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When I was young, being a journalist was considered honorable. The profession carried images of smart, highly principled reporters working tirelessly to expose corruption and keep the public informed.

On a less idealistic but equally important note, there were many reporters who wrote on a smaller scale, perhaps at local papers. These professionals saw themselves as servants of their community, and rather than rake up controversy where none existed, their role was to bring news to readers in an unbiased way.

But whether you were with The New York Times or Small Farm Today, old-school journalists were trained and vetted. There were hard, fast standards that the industry subscribed to, and deviating from those ideals was considered unethical.

Today, the great equalizing force of the Internet combined with a profound lowering of values has caused the field of journalism to lose its nobility. To my mind, most of the people creating today’s media content sit slightly above ambulance-chasing lawyers and slightly below cryptosporidium.

I remember reading the series of “investigative” stories in the Chicago Tribune that ultimately led to the drain cover recall last summer. The level of bias and omission of important facts made me feel embarrassed to serve in the same profession as that reporter.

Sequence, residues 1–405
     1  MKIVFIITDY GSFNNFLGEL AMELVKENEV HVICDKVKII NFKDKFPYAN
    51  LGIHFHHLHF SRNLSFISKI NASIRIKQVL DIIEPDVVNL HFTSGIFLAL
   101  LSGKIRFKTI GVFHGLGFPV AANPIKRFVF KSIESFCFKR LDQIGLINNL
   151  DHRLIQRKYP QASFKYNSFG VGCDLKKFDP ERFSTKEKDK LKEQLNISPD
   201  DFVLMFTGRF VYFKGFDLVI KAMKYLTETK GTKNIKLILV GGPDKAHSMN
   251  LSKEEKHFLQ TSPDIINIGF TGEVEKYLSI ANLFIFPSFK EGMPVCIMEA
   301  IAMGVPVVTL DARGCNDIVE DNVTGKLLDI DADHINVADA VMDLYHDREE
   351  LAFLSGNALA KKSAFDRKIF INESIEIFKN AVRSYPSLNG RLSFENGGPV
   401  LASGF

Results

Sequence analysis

In writing this column, I Googled “hot tubs” and immediately found another example of sloppy reporting on an ABC affiliate. The story stated that bacteria found in shower heads had been linked to a disease called non-tuberculous mycobacterium complex, and implied that hot tubs could be involved as well. The reporter cautioned viewers to “avoid them.” Yet there was no evidence that the illness was connected to spas, no scientist was involved with the story, no statistics were provided about the disease (other than that it’s “rare”) and no manufacturer, or even an expert, on these allegedly dangerous products was quoted. The bar on that story was set so low that we are literally standing on it.

Last week, an article that appeared in Pool & Spa News was picked up by another magazine, reworded and published using the byline of one of their writers. We were not cited as the original source of the story, which is bad enough, but this publication even used one of our sources’ quotes without checking with her, and in their paraphrasing of her statement subsequently got a fact wrong. 

The editorial staff of Pool & Spa News are certainly not saints, and we’ve made our share of mistakes. However, we hold ourselves accountable to the old-fashioned standards of reporting unbiased truth and not stealing content from others.

Our industry has suffered greatly from the effects of substandard journalism. And because of this, I have made it a habit to contact media outlets when they misreport facts involving pools and spas, and encourage you to do the same. When it comes to any story regarding a topic that I am not familiar with, I now look at every “fact” with deep skepticism.